Massachusetts Institute of Technology │ Cambridge, Massachusetts
For his design and implementation of multiple innovative drug delivery systems, and for his founding work in the field of tissue engineering. As a serial entrepreneur, Dr. Langer established a new paradigm for translating academic ideas into practical products.
Ensuring the active molecules of a drug reach where they need to work inside the body at the proper time, dosage, and duration, is a complex dance and a tricky medical challenge. Many factors influence the process, including the size and structure of the molecules involved and the permeability of tissues through which they must pass, making it an issue of chemistry and engineering at a fundamental level. For his entire career, the multifaceted engineer, scientist, and innovator Robert Langer has been finding ways to do the seemingly impossible in drug delivery and tissue engineering, and their applications for new treatments.
Biomedical engineering is a discipline that combines biology, medicine, engineering, and invention to develop new methods to understand and treat disease. Langer is often recognized as the world's leading biomedical engineer, a credential supported by his more than 1,100 issued and pending patents and status as the most cited engineer in history.
Langer didn't start out planning to change the world of medicine. Born in Albany, New York, he earned a B.S. from Cornell University in 1970 and a doctorate from MIT in 1974, both in chemical engineering. Not wanting to work for an oil company as were many of his colleagues, Langer chose a postdoctoral fellowship at Boston Children's Hospital, working with Judah Folkman (2001 Benjamin Franklin Medal in Life Science) on finding a way to inhibit tumor angiogenesis, the formation of new blood vessels to feed tumors.
To stop tumors from creating new blood vessels that keep them alive and growing, Folkman needed a reliable way to deliver macromolecule-based drugs slowly and steadily over time, so that their biological activity and effects could be evaluated. After Langer helped to isolate such an angiogenesis inhibitor, he devised a way to deliver it in a time-released dosage by encapsulating it inside a hydrophobic polymer structure. The release of the drug could be controlled by the precise design and composition of the polymeric "cage."
It was a radical concept that faced a great degree of skepticism. The conventional wisdom among both biologists and chemists was that it was impossible to achieve controlled release of macromolecules such as peptides and proteins because such large molecules supposedly couldn't pass through a polymeric membrane. Langer proved the doubters wrong, persisting even as many colleagues initially refused to accept his results. Another new wrinkle that Langer introduced was the notion that it was possible to design polymers to order for specific medical uses, rather than settling for a limited range of "off-the-shelf" structures originally intended for other purposes.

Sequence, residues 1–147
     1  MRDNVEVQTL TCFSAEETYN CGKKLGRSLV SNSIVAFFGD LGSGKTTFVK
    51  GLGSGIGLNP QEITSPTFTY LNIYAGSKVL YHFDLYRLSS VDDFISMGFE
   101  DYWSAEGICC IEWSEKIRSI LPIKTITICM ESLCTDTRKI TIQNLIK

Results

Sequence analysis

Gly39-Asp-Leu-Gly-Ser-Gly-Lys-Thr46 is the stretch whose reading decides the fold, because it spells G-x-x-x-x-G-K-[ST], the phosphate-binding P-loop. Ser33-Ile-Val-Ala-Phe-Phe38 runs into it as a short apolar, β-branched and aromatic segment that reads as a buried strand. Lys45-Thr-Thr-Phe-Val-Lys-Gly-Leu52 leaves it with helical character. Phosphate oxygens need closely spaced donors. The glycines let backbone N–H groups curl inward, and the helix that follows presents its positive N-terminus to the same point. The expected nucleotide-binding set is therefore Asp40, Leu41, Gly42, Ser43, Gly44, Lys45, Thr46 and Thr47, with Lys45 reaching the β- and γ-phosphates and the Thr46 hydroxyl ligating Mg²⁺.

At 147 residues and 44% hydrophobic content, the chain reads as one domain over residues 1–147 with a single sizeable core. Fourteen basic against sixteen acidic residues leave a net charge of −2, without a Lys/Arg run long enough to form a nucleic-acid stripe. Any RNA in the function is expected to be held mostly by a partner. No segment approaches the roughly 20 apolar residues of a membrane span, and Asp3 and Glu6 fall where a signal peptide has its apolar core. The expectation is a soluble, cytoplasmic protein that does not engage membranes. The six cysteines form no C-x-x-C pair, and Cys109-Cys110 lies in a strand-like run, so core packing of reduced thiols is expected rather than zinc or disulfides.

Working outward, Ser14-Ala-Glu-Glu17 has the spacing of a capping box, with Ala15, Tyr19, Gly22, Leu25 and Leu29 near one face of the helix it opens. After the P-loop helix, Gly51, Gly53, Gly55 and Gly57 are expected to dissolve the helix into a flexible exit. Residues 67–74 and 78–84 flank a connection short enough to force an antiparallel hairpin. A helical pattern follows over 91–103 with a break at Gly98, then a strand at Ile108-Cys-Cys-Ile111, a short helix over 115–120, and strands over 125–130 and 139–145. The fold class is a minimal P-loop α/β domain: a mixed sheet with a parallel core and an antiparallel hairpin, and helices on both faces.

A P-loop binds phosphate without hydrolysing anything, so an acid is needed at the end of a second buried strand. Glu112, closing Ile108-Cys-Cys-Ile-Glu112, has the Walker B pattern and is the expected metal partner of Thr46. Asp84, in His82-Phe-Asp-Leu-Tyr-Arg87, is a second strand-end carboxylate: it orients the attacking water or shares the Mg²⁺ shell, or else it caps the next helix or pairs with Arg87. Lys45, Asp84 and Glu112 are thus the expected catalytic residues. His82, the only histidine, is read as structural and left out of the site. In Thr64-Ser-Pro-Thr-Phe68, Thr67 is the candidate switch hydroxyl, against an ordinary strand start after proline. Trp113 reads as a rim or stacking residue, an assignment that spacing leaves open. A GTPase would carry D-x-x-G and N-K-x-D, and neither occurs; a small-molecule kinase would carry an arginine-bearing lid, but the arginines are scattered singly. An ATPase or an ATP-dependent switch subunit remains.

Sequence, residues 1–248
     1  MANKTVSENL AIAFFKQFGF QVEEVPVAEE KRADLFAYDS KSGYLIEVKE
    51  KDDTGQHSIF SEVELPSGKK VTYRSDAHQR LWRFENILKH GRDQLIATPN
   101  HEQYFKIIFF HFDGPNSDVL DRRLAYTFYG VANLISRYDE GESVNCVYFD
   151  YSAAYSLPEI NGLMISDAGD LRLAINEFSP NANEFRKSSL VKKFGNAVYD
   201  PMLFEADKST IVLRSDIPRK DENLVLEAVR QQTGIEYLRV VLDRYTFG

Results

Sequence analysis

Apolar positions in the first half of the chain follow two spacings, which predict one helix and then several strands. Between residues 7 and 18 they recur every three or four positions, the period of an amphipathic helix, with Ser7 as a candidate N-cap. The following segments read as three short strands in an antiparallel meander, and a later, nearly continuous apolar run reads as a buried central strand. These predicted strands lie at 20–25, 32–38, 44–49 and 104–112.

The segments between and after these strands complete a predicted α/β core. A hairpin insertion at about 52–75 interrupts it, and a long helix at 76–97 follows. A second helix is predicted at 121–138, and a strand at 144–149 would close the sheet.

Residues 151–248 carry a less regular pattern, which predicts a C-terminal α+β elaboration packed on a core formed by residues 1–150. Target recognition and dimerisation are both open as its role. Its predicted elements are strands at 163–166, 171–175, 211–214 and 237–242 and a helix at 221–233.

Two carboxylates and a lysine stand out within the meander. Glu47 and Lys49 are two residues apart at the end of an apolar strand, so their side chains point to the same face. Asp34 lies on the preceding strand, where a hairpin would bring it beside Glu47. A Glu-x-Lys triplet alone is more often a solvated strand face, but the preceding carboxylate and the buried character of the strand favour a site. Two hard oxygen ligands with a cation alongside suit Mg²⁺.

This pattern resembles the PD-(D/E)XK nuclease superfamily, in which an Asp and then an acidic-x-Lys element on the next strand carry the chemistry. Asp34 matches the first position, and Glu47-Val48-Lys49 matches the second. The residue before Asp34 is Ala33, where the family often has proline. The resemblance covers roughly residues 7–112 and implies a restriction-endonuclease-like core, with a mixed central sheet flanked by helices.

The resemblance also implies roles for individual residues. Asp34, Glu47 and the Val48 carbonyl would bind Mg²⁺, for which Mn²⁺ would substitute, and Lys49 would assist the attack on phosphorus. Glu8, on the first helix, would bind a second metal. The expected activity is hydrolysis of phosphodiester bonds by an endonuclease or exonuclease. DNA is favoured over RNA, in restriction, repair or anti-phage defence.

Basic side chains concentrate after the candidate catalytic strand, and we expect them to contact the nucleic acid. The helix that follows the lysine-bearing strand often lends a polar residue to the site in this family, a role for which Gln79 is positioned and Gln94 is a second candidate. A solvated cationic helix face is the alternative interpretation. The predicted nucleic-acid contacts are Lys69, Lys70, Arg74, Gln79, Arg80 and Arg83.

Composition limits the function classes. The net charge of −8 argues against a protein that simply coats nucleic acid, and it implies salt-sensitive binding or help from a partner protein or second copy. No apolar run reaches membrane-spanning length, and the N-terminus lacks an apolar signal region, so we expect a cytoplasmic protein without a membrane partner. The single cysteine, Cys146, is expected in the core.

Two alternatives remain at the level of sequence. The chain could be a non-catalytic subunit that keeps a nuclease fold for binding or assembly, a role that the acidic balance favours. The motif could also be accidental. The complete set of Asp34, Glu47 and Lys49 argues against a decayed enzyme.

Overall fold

Langer soon extended these early successes to other applications. One of his most notable achievements had a significant impact on chemotherapy for brain tumors, for which Langer developed a biodegradable polymer wafer that can be surgically implanted at the tumor location for controlled release of the anti-cancer drug Gliadel. It was approved by the FDA in 1996, at that time the first new brain cancer treatment approved in more than 20 years, and the first ever to deliver chemotherapy directly to a tumor. This concept of implantable local polymer based drug delivery was soon expanded to other therapeutic realms, not only for cancer but also in cardiovascular stents.
The drug delivery concepts invented by Langer led him into other therapeutic areas, particularly tissue engineering. Working with Jay Vacanti at Harvard, Langer developed synthetic polymer structures as scaffolding into which living cells could be implanted and then multiply into full tissues such as skin in vivo, with the polymer framework dissolving away as the replacement tissue took hold. The technique can be used in burn victims to create new skin, or in other patients to replace damaged muscle or other forms of tissue. Langer and Vacanti formed a company called Neomorphics based on their bioengineering innovations, only one of many biotechnology companies Langer has founded.
Langer's fame as a bioengineer and inventor is perhaps rivaled only by his status as an educator. At MIT, he heads the largest biomedical engineering lab in the world, and has trained hundreds of graduate students, many of whom have gone on to become prominent researchers in their own right. His numerous honors include membership in all three national science academies—the National Academy of Sciences, the National Academy of Engineering, and the National Academy of Medicine—the youngest individual ever to receive that distinction. Aside from various prestigious national and international medals, awards, and honorary degrees, his acclaim has penetrated even into the popular culture at large, with Time magazine calling him one of the "most important people in America," Discover magazine recognizing him as one of the most important researchers in biotechnology, and Parade magazine naming him as one of "6 People Whose Research May Save Your Life."
That particular accolade may sum up Robert Langer's entire motivation: to save lives and help people by inventing and developing new and creative ways to merge the disciplines of biology, chemistry, and engineering. His work has, in fact, saved lives around the world, and the countless students, researchers, and inventors he has mentored and inspired will continue to follow and expand the revolutionary pathways Langer has pioneered.
Information as of March 2016